Tuesday, January 27, 2015


If you buy ivory, you kill people.

This is the new reality in an illicit trade responsible for large-scale human exploitation, government corruption, and the funding of rebel movements, terrorists, and criminal syndicates around the world. The imagery and narrative of the global ivory trade is now well known - replete with rotting elephant carcasses littering African national parks, well-tailored ministers and heads of state burning ivory stocks for the camera, and law enforcement officials smiling in front of ship containers of seized ivory.

While, there is no doubt of the many faces of the global ivory trade, there is one element that is too often overlooked - that of the human toll.

The human toll of the ivory trade is the negative impact on the individuals and communities exploited along the chain of custody from Africa, to Asia, and points beyond. It is not just about elephants.

This trade is historically and inexorably linked to the exploitation and enslavement of vulnerable communities in Africa and Asia. It includes governments and countries sucked deeper into the morass of corruption, mismanagement, and taxpayer abuse wrought from public officials supporting criminal interests.

Far reaching implications... 


Monday, January 12, 2015


can anyone donate to help us with the repair costs?! Every little donation helps keep Amara up and running....click here to help http://amaraconservation.org/donate

Friday, January 9, 2015



We can't claim total responsibility for this, but Amara has certainly played an important part as Taita Taveta is where we work! Your donations help us continue our progress with local programs concerning conservation and education. Join Amara Conservation by clicking HERE

Elephant poaching has declined in Taita Taveta ranches, an association has said.

No killing has been reported in the past three months, Taita Taveta Ranchers Association coordinator Donald Mombo told the Star on the phone yesterday.

Kenya and the Tanzania National Parks Authority have increased surveillance across the border, said Robert Obrein, Tsavo conservation assistant director.

“The last gunshot was heard four months ago in Tsavo West, and we tracked the poachers to Tanzania in collaboration with Tanapa,” he said.

Obrien praised the ranchers and county government for carrying out a census of all legal herders in the ranches.

“Whenever new people enter the ranches, we easily identify them because they do not have identity badges from the county government. We are also working with other security agencies” Obrien told the Star on the phone yesterday.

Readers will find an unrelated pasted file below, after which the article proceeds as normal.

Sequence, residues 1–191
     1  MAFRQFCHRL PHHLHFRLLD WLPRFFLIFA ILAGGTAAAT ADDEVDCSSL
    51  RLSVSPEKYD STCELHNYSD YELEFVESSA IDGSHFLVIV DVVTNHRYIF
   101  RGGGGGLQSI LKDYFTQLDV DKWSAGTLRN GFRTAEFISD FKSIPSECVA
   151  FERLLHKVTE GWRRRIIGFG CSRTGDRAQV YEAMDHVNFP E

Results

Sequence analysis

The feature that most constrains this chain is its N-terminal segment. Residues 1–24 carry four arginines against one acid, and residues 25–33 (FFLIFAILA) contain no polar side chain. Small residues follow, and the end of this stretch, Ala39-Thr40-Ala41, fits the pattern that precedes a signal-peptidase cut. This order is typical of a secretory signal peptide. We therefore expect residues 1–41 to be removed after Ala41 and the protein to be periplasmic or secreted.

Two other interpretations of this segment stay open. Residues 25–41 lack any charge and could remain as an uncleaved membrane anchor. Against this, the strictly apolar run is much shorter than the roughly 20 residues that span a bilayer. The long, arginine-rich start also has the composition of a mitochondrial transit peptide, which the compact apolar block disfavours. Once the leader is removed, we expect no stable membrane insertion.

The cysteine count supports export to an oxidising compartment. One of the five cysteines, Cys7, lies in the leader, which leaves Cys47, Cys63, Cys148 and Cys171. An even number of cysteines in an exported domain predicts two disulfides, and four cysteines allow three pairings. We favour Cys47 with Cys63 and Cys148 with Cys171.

Thursday, December 4, 2014



Soldiers arrange a pyre of elephant tusks and thousands of pieces of worked ivory as they prepare to burn ivory stocks corresponding to roughly 850 dead elephants, in Libreville, Gabon, (Joel Bouopda Tatou/Associated Press)

John Gruetzner is the managing director of Intercedent, an Asian-focused investment advisory. He recently researched for the World Wildlife Fund its fund-raising options within China. The views here expressed are personal.

Chinese basketball star Yao Ming’s new documentary The End of the Wild will, ideally, have the impact in Asia that Silent Spring by Rachel Carson had on environmental awareness in the West.

For this shift to happen in sufficient enough time to save the elephant is contingent on major changes in government policy and also empowering Chinese citizens to join the war against poaching of elephants.

Chinese government indifference still sadly permits the legal carving of elephant tusks that drives the poaching of 70 per cent of the 33,000 African elephants killed annually.

If the wealthy could purchase Panda skins legally, this would rightly offend the Chinese people and be strongly condemned. Elephants are just as important culturally, and as natural a symbol as the Panda.

Wildaid’s slogan is Stop the Killing Now. A corollary is to achieve must be Stop the Carving Now. China’s ivory carving’s industry defense is that it relies only on legally sourced tusks. Incontrovertible evidence proves there is widespread mixing of legal and poached ivory.

Carving of dead elephant parts and all retail sales of ivory of any kind to lower total demand need to be banned worldwide starting in China. Funding the retraining of unemployed carvers will prevent the industry from going underground. Closing down the sale and carving of ivory at the 37 approved factories and 145 retail sites would be a major disruption to the total global demand for tusks.

Bold action long these lines would set a positive example to other countries in the same business. Sending a clear message to tourists that lowers off-shore purchases from Chinese will reduce the amount of tusks that are poached. Further work within China to educate people of the consequences such as supporting of terrorism tied to of smuggling illegal wildlife is essential.


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